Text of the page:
Cutting polyurethane foam is a major chunk of the entire PU foam industry. While we pay a lot of attention to the first building block of foaming, we also shouldn’t neglect the second step of conversion. This article will run you through the different types of industrial cutting when it comes to PU foam. And hey, got any further questions? Let us know.
Fundamentally, there are only two ways of cutting polyurethane foam: in straight lines and in irregular lines. Industry professionals further break down each type of cuts:
Cutting Straight Lines
We divide straight cuts into three categories:
- Vertical Cutting
- Horizontal Cutting
Vertical cutting refers to when the knife is vertical. This typically happens on two scales—on a larger scale for slabstock and on a smaller scale for trimmed blocks ready for conversion into consumer products. Vertical cutting machines for slabstock are also called block cutters. Block cutters come in two types, one with the blade going from floor-to-ceiling making transverse cuts across the foam, and another like a guillotine with the blade parallel to the ground.
On a smaller scale, vertical cutting machines can also become angle-cutting machines; you can angle the blade from the overhead knife seat, enabling angular cuts for triangles, trapezoids, etc.
Horizontal cutting refers to when the knife is horizontal, and typically slices blocks of foam into thinner sheets. This can cut “sheets” as thick as latex mattress toppers or fabric-like sheets of foam used for apparel or quilting.
Trimming, then, can be a combination of vertical and horizontal cutting. New foam blocks have a natural skin on five sides that is typically trimmed away during conversion. Just one vertical cutting machine can suffice for trimming, of course, but plants with larger production quantities invest in machines specifically designed to trim all five sides without involving manual labor.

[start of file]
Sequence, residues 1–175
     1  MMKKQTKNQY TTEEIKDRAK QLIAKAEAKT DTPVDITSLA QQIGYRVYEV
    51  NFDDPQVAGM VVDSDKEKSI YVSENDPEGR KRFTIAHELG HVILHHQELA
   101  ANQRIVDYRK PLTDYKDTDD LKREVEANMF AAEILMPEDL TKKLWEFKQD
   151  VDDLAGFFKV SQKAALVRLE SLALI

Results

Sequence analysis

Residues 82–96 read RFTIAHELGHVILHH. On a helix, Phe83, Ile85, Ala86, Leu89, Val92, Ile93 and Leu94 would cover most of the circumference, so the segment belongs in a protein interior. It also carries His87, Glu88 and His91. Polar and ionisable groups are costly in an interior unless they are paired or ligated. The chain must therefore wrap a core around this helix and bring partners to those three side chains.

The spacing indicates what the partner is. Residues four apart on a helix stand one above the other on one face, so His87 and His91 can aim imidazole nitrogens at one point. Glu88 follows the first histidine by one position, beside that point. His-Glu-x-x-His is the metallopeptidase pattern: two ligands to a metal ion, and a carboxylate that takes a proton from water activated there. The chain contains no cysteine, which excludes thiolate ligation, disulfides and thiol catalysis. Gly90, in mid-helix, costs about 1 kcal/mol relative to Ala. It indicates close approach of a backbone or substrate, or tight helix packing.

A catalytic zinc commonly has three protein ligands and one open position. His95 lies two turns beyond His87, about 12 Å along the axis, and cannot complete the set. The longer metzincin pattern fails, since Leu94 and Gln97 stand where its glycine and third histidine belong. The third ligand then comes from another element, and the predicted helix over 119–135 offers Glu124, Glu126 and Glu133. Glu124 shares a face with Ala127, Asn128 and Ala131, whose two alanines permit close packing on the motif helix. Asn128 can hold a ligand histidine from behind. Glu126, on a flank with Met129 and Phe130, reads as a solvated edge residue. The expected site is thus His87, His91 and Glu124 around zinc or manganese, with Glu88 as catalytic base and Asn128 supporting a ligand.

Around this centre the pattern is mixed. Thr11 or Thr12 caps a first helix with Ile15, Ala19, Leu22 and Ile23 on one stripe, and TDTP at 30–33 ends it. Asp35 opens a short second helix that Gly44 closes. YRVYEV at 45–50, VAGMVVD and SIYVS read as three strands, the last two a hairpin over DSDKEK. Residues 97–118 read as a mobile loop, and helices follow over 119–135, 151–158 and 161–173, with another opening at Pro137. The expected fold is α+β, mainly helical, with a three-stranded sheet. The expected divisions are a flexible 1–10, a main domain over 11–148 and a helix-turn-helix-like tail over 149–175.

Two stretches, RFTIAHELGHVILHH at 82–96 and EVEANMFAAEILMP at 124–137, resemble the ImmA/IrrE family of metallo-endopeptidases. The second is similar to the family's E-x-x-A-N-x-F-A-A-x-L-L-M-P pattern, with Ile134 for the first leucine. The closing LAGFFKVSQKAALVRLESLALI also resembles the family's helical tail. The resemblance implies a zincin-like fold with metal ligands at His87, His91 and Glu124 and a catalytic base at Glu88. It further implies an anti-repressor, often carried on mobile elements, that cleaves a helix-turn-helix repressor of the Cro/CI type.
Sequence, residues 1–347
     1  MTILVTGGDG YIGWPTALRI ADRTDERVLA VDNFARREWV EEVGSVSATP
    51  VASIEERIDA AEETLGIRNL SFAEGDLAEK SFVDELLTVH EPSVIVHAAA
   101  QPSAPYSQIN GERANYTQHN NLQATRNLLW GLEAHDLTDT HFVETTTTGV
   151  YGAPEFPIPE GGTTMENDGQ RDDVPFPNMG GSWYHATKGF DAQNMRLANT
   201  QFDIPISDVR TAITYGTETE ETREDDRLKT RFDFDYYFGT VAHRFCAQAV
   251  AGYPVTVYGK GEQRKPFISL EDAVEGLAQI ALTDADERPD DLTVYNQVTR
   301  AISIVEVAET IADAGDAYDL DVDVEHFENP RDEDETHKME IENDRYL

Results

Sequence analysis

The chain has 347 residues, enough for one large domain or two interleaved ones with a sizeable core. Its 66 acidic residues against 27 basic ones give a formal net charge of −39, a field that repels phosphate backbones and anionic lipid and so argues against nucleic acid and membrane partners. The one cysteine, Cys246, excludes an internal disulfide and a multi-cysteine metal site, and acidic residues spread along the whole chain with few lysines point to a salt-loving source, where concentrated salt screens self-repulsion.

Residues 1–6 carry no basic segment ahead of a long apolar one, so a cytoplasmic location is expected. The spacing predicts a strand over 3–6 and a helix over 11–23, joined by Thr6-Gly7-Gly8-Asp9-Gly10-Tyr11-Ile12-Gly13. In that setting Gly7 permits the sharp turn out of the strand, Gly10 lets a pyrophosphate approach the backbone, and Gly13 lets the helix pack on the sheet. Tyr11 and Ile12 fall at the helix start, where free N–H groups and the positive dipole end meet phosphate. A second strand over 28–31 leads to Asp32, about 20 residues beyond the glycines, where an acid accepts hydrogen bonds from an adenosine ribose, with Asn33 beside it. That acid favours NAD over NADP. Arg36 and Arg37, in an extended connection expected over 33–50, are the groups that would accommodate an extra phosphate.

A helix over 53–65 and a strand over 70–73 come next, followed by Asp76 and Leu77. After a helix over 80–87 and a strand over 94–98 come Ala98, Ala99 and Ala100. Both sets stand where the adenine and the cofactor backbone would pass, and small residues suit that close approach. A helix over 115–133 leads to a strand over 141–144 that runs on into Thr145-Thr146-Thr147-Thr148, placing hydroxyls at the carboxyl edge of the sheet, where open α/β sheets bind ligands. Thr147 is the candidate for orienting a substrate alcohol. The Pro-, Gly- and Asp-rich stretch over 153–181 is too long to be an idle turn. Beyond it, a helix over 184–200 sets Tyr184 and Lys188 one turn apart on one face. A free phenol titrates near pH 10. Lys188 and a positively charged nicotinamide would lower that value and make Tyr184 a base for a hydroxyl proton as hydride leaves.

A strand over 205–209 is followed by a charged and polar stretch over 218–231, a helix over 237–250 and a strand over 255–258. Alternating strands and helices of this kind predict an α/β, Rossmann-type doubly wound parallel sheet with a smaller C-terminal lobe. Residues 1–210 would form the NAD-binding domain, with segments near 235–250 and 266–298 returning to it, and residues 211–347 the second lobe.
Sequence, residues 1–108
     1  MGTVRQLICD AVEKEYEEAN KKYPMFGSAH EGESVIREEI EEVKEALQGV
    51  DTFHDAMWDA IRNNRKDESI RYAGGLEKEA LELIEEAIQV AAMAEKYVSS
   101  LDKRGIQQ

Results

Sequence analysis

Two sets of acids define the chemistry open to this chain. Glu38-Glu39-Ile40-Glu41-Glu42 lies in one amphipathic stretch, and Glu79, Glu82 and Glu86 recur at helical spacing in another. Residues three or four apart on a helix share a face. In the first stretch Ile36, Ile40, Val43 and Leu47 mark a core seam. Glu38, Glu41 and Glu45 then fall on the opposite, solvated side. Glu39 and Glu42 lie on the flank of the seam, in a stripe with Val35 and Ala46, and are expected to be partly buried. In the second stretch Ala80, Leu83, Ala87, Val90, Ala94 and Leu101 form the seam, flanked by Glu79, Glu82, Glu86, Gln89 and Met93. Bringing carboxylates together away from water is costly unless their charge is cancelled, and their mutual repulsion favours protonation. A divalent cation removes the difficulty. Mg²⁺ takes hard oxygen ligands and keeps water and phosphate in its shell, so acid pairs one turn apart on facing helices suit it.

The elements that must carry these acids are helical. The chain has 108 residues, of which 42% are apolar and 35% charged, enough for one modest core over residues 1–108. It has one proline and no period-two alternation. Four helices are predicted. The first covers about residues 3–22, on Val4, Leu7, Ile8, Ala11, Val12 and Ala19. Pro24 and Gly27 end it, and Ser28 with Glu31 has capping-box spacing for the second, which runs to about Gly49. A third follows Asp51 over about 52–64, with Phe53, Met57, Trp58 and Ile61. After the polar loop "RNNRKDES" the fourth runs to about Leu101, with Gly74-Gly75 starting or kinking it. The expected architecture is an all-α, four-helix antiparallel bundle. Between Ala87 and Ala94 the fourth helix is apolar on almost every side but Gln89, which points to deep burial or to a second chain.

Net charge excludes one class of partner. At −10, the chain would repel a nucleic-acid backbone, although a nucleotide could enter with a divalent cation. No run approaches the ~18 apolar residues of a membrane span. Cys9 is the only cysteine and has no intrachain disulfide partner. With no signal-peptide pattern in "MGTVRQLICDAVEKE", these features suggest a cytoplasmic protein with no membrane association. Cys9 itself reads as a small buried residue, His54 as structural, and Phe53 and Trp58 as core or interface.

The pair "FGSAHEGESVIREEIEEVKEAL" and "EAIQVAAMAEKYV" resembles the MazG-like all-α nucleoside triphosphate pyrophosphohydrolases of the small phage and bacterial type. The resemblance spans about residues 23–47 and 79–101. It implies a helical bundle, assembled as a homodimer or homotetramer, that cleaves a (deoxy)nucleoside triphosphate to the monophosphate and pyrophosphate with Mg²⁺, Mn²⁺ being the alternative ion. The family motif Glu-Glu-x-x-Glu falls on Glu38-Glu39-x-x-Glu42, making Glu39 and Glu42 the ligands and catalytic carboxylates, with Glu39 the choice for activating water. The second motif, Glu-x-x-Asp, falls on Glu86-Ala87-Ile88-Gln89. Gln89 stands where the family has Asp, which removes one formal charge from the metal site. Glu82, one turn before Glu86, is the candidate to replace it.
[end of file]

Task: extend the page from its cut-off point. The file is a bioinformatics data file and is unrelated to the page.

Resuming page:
Cutting Irregular Lines
Straight lines are simple, but what if your product has irregular lines like curves or even spheres? These are ways to cut irregular lines:
- Manual cutting
- CNC cutting
- Compression cutting
Manual cutting is self-explanatory. Patterns are put down on the cutting table or on the foam, and plant workers trace the patterns with the cutting machine by hand. The lack of digitization means cheap machines, but the trade-off is slower production and a higher margin of human error. (This is also the method of choice for DIY enthusiasts working with PU.)
On the flip side, we have CNC, or computer numerical control cutting. You input cut patterns into the computer and the cutting process is completely digital. CNC guarantees consistent cuts each time and lowers labor costs. As an investment in automation, a CNC cutting machine is definitely worth its cost.
Another option for cutting out irregular shapes is compression cutting. Basically, a hydraulic mold stamps shapes out of a sheet of foam. This is the cutting method of choice for producing irregularly shaped sponges. Convoluting is another type of compression cutting by which foam sheets can be profiled—egg crate foam for padding and/or soundproofing are produced by this method.
Last but certainly not least, you can mill foam. If, for instance, you want to produce foam balls. All other cutting methods only work on at most 2.5 dimensions; they always leave one side flat. To produce completely round foam, you need a milling machine, which basically grinds away the foam using premade molds.
So, how to cut polyurethane foam? We count seven methods: vertical cutting, horizontal cutting, side trimming, manual cutting, CNC cutting, compression cutting, and foam milling. The topic of cutting polyurethane foam is not quite so simple, however. Foams at different hardness levels need to be cut at different speeds, different kinds of blades have different benefits—so on and so forth. Subscribe to our mailing list at the bottom of the page now to stay updated on the conversation.
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